Date Joined: 05/10/06
Pros: I picked this up after trying out a few mice while focusing purely on the ergonomic feel. I have to say this is the most comfortable one I found, even better than the ultra-customizable RAT I tried, mainly because of it's rubberized grip surface. Buttons are nice and big, easy for clicking with knuckles instead of fingertips.
I can go hours playing with this mouse and not get any wrist or joint issues. Highly recommended.
Cons: Not many buttons, but for the games I play, I don't need a lot since I use a gaming keypad.
Overall Review: I have long fingers, so it's hard to find a mouse that fits well. If you have lengthy digits, this is a great mouse.
Pros: Lots of room inside. Excellent ventilation. I removed the fans from the top of the case (opting for front, back, and CPU to start with) and the opening at the top is right above the CPU/heat sink, allowing for plenty of air to flow and escape. Combined with a massive heat sink, it barely heats up at all. If it does, can always add another fan above it. This case as internal space for 7 of them.
Plenty of room for long graphics cards, cable management, etc. I almost feel bad that I have no external facing drives, but easy enough to expand. Even includes 2x 2.5" drive bays. Expansion is a breeze--all the card slots use thumbscrews.
Side panels are a snug fit, and the front is sleek and flat when closed. If there's any vibration or loose areas, I couldn't find any.
Power light is subtle, not hyper-bright. I don't use the HDD one, so it's very unobtrusive.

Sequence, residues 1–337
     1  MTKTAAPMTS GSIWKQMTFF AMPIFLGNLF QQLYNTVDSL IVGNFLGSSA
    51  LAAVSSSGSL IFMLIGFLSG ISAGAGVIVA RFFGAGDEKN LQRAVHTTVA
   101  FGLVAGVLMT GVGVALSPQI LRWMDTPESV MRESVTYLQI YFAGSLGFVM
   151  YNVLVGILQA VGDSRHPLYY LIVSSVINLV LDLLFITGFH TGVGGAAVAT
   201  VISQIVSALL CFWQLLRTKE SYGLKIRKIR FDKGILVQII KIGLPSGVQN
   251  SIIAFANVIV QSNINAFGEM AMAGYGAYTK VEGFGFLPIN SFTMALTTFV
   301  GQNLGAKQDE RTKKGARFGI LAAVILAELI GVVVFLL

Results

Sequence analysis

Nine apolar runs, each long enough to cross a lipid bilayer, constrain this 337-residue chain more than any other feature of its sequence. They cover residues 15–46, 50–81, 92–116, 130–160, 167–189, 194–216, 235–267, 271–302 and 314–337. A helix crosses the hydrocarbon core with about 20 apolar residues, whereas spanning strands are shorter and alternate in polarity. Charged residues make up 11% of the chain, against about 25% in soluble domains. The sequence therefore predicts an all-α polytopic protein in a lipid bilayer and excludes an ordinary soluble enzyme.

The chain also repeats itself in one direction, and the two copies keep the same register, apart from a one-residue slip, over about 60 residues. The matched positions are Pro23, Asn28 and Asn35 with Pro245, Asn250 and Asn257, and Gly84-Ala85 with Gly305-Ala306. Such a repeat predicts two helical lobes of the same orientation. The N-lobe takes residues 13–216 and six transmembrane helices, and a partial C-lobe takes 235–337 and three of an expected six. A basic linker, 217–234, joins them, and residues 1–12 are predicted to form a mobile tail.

I don't see any problem using this case for years.
Cons: As previously mentioned, the front panel cables are all separate. Electrical tape really helps manage those. Also, with a hefty modular PSU (using a SeaSonic 1050w) the holes for cable management can get a bit crowded, and the rubber liners easily come off. (Also easily attached again, tho.)
I can see the fan hub being a pain given it's distance from the PSU, but since I took out the stock fans it wasn't an issue.
The top opening for fans does seem a little flimsy, could've been reinforced a bit.
All very minor things, not enough to remove any eggs for me.
Overall Review: I removed the stock fans to replace with Nexus PWMs, and it's even quieter. Used a 2.5" 7200rpm HD with Scythe silent enclosure, too. It's quieter than any other computer I've used, including a previous iMac.
Pros: I do 2D and 3D illustration and animation, and this card handles it all without breaking a sweat.
After doing some research and hearing some stories about Quadros and multiple monitor setups, I decided to go with the FirePro. I switched to a custom built PC workstation after about a decade of using Macs, and have to say that this card makes it as easy to use multiple monitors as on Macs. I have 3 monitors and it handles them all flawlessly, all using displayports. (It includes four single-link DVI adapters too.) Can arrange them any way you like, no matter what port they're attached to, drivers handle it all.
Also, I heard a lot of negative feedback about ATI/AMD cards and 3D packages compared to Quadros. I have no idea what those folks are talking about, I've not had a single issue in Maya or Houdini. AMD has been apparently working on their drivers with this past GPU generation, and it must be working. I couldn't be happier.